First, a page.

Two weeks following Tokyo's announcement of the ・5.5 billion commodity loan to Vietnam in November 1992, Japan and France announced their intention to assume responsibility for Vietnam's $140 million in overdue debt to the International Monetary Fund. Tacit agreement from the U.S. took the form of American officials commenting they would not block the efforts once progress came on the MIA issue. In other words, Washington would allow the loans if Hanoi granted further access to U.S. investigators. The speed of the announcement, coming just after the renewed bilateral commodity loans, showed that Japan sided with France and Vietnam on Hanoi's bid to return to the IMF, but had deferred action until other issues could be resolved. Pressure from the United States negated any possibility for action until November 1992. Just like the bilateral aid issue, Tokyo took a stance between Hanoi and Washington, carefully keeping both channels open. Open U.S. support of IMF loans to Vietnam came eight months later, when President Clinton announced that his government was dropping its objection to IMF lending to Vietnam.
Japan acting through the United NationsEdit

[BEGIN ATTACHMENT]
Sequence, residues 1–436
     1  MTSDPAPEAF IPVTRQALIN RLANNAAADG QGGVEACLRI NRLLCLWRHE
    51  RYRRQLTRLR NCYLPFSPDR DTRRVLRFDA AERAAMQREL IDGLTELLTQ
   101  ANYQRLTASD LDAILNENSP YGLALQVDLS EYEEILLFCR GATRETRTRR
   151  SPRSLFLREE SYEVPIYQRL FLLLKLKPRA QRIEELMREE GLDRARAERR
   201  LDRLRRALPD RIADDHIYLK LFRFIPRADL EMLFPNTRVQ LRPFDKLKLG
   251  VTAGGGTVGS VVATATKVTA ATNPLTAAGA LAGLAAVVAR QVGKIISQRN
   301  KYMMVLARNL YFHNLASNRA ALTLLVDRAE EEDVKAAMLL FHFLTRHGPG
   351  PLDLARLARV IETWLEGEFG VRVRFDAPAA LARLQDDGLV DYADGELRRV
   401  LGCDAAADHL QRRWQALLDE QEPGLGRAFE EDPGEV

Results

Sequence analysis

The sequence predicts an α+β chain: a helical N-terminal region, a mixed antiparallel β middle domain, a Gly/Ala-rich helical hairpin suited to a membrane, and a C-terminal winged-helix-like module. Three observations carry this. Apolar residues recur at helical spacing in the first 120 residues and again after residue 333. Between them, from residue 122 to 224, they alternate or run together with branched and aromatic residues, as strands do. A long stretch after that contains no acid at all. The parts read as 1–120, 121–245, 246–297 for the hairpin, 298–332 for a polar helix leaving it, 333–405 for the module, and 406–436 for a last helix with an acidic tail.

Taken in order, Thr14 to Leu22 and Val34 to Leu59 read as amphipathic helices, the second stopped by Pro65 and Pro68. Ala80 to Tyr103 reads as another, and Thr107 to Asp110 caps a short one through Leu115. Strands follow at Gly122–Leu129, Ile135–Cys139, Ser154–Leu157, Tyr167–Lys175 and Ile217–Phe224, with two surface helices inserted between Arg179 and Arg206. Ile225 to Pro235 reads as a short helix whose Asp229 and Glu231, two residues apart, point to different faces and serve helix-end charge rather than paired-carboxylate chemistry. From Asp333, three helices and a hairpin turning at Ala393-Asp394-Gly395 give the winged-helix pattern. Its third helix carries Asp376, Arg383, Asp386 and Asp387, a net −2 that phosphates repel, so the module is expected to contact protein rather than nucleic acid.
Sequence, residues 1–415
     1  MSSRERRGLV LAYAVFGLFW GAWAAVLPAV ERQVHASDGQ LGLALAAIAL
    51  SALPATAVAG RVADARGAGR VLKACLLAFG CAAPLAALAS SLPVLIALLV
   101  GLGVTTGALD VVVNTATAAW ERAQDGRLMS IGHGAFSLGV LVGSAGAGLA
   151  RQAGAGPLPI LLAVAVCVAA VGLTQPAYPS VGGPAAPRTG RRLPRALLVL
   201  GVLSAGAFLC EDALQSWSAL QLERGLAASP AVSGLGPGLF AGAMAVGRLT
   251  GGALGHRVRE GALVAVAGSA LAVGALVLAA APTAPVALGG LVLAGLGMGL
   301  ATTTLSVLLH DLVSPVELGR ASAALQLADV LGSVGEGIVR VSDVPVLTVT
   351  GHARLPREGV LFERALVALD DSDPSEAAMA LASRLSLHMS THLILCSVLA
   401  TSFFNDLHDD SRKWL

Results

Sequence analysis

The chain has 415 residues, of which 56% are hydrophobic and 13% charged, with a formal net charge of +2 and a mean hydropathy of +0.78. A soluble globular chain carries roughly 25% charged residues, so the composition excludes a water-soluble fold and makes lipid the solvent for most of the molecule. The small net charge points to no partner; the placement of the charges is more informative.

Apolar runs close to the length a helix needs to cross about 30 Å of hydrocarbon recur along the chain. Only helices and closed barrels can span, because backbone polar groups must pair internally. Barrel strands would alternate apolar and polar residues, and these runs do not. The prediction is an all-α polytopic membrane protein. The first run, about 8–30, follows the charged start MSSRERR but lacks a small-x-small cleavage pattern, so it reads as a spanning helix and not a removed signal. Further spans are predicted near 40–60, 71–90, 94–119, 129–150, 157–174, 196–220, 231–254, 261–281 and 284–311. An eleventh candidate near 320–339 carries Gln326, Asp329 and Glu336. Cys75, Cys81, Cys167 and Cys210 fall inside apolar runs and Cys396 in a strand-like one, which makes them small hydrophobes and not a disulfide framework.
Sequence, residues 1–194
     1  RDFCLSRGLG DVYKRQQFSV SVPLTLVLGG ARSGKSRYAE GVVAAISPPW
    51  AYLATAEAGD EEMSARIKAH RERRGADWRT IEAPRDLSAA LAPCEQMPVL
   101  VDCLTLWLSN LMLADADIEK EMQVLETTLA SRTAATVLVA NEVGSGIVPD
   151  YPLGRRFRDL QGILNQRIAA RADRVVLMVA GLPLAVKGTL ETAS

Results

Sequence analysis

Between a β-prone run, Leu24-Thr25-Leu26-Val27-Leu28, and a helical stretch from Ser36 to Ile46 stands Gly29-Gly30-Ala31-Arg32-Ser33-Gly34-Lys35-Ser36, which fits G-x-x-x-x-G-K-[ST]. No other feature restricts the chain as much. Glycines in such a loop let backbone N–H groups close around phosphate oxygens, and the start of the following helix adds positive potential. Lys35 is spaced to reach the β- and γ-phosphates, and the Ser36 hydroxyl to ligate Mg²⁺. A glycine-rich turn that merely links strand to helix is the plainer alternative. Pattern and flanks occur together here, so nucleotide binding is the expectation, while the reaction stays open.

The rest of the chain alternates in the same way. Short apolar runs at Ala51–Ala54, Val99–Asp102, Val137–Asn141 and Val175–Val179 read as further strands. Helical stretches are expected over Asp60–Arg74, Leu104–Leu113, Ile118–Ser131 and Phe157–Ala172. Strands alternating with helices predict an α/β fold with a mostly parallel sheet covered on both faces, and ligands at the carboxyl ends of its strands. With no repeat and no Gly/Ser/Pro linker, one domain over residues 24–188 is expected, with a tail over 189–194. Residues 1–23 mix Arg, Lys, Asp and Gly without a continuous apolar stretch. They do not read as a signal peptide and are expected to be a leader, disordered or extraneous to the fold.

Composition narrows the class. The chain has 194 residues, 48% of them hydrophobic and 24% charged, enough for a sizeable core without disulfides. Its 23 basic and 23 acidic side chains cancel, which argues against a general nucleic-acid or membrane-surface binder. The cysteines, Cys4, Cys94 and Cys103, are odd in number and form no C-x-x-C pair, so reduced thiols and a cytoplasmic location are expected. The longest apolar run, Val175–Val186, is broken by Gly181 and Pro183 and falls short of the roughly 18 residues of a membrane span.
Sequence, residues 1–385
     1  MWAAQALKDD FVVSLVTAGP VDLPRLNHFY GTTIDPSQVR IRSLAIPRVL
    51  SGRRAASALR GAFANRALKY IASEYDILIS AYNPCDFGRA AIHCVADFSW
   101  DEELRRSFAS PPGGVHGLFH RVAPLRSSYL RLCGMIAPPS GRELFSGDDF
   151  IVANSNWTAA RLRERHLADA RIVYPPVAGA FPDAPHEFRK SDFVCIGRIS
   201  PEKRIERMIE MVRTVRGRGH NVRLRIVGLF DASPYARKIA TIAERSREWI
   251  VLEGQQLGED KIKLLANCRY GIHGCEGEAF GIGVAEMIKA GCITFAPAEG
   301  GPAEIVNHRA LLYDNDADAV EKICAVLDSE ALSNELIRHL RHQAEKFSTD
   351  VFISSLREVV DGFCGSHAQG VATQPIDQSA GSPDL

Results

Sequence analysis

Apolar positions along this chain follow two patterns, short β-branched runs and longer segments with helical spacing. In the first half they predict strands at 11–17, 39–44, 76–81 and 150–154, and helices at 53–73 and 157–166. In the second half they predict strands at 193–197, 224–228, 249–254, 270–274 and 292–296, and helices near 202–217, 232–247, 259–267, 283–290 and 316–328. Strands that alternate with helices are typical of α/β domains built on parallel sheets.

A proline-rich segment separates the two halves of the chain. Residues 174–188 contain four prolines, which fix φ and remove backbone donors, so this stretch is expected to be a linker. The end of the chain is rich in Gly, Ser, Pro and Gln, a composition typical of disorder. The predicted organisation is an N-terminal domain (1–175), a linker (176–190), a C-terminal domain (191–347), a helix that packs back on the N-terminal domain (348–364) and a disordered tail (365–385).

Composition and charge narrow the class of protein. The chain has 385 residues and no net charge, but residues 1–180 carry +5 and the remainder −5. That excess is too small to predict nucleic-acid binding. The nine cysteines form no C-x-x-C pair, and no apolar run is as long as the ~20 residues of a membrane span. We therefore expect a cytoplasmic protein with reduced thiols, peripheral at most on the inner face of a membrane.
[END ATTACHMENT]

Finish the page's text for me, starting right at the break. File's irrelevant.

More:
Japan also used the United Nations to nurture ties in Indochina. Such action provided Tokyo with anonymity that protected its delicate relationship with the United States and China. In 1990, Japan resumed cultural aid to Vietnam via the trust fund of the United Nations Educational, Scientific, and Cultural Organization (UNESCO), starting with an estimated $100,000 donation for the restoration of the royal palace in Hue in central Vietnam. Japan fully supported a so-called United Nations plan to resolve the Cambodian conflict, sponsored by United States Congressman Stephen J. Solarz and Australian Foreign Minister Gareth Evans. The plan essentially called for the United Nations to step in and run key government ministries in Cambodia during a "transition" period leading to democratic elections that involved all the Cambodian factions. Supporters of the plan looked to Tokyo for financial support of the estimated $20 billion it would cost to run the ministries under UNESCO command. While Tokyo did not initially confirm its financial commitment to the full amount, Japan assumed much of the costs in Cambodia.